I should probably introduce myself....

iVillage Member
Registered: 03-31-2003
I should probably introduce myself....
Fri, 06-03-2005 - 6:28pm

I have started posting here recently and should probably introduce myself.

My name is Marisol and I have a 2 1/2 year old son, Ian, who is autistic. He was diagnosed with autism when he was around 22 months old. I took him into speech therapy through my HMO when he was 20 months old because he was not gainnig new words, and was in fact losing the the 6-8 words he did have. Little did I know that was a red flag....I was 7 months pregnant at the time and wanted to get his speech back on track before I had the new baby. The next 2 months were spent getting evaluations through a developmental ped. and through early intervension. Both evaluations came back with a dx of ASD. I remember when teh speech path told me she was referring Ian for some additional testing and recommended I call EI. She seemed so serious I got nervous. My response was "Well, we have ruled out anything like autism haven't we?". When she said we could not rule that out, I remember feeling like I went into shock.

The last 6 months have been a whirlwind of therapist and classes. We are doing speech therapy and social training through EI and hired an RDI therapist to help Ian. RDI has been a life-saver. Not the EI is not also great, but our RDI therapist has really given us some great training techniques to use with Ian.

I still struggle with accepting everything- I think acceptance comes in waves, and over time. I try to feel lucky that Ian is a HFA and making strides weekly. We have been able to curb his obession with spinning objects and flushing toilets. Ian has started making much better eye contact and looks to us for our reactions sometimes. He does not stim, and the head banging that had started last fall we have been able to stop.

But my heart still aches at his lack of communication. I know it could be worse. Ian has about 25 words that he uses- they are more for labeling things (purple, blue, mama....)than really communicative words. I am hopeful that a year from now he will be able to tell us if he is thirsty or hungry- or really that he will be able to tell us anything he feels.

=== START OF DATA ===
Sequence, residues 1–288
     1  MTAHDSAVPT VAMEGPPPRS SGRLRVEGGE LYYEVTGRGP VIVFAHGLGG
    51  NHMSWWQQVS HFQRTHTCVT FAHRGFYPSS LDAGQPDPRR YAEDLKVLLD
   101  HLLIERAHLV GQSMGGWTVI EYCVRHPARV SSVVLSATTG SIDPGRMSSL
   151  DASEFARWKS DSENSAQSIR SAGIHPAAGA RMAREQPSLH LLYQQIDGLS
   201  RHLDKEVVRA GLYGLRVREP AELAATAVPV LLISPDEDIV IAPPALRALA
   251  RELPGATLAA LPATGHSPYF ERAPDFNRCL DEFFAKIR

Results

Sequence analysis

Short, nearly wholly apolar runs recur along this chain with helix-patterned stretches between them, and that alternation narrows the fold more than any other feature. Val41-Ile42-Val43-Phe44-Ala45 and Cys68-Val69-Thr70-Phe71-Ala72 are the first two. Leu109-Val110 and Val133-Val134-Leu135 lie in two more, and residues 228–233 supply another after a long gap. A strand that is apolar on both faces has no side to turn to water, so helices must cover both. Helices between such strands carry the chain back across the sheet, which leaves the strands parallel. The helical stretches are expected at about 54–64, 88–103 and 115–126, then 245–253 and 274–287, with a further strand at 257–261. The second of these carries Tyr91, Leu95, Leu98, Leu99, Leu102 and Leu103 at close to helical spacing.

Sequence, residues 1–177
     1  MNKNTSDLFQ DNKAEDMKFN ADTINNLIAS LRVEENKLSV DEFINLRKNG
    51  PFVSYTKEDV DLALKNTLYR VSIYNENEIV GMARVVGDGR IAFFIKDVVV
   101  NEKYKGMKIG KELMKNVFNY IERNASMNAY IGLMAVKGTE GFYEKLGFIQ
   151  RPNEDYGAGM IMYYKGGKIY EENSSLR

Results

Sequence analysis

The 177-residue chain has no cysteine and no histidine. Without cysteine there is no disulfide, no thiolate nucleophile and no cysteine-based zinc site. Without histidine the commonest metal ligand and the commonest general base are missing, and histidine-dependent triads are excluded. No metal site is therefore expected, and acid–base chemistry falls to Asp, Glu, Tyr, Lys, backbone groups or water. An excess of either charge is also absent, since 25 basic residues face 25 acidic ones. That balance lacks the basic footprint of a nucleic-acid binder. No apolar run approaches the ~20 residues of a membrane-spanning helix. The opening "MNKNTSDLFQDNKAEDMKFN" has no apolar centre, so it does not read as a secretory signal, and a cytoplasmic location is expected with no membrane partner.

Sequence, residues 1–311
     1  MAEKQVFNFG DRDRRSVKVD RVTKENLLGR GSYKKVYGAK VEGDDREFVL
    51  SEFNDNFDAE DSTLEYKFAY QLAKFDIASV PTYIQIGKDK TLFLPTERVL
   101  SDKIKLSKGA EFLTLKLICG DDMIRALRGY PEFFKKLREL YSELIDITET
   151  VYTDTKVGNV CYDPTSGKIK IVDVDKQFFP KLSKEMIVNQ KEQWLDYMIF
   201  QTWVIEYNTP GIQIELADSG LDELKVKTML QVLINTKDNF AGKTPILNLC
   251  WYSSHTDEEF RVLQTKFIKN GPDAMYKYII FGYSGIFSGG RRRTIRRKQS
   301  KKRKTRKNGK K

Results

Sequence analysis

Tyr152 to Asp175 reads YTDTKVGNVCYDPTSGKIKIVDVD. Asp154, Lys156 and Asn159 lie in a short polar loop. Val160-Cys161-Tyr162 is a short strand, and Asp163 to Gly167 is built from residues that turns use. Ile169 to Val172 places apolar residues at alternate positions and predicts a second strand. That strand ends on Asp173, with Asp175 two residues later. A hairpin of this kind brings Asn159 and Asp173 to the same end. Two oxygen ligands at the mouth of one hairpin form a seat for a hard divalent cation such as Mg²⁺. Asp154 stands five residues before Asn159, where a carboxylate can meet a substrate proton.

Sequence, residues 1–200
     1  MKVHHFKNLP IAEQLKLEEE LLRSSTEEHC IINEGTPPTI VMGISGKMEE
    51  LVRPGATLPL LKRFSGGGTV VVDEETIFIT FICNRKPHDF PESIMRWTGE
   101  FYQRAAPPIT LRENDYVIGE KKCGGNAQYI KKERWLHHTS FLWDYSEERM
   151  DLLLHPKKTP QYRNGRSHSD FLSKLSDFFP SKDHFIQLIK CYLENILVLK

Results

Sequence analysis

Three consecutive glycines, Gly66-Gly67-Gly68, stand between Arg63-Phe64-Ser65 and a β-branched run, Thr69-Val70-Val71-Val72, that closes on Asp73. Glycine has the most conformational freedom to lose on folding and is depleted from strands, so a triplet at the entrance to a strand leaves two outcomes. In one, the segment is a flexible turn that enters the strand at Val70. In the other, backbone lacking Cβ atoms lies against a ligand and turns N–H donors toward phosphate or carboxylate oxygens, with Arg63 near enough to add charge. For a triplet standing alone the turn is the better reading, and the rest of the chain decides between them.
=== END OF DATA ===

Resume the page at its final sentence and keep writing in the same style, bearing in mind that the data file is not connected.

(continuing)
On a positive note, he is potty trained. Our daycare woman insists on potty training young, and is really good at it. Though Ian cannot tell us he needs to go, nor does his tell us non-verbally, as long as me have him sit on the potty even 1-2 hours, he will go in the potty. We only have accidents about 1-2 times per week. I swear I will dance I jig the day he tells me he has to go!

My new baby Ava is 5 months old now. He has started noticing her big brother and smiles at him a lot. Ian completely ignores her existance. If I set he close to him, he will move away without even looking at her. I hope as she gets older that he feelings are not hurt that he will not smile back at her.... maybe someday he will.

I currently work 3 days a week, so I fit all of Ian's classes into 2 days. Come January I expect to quit working because Ian will be in preschool classes through early education 3 half days per week and there is no way I can work my schedule around that. I am fine with that. Anything I can do to help Ian at this young age I am more than willing to commit to.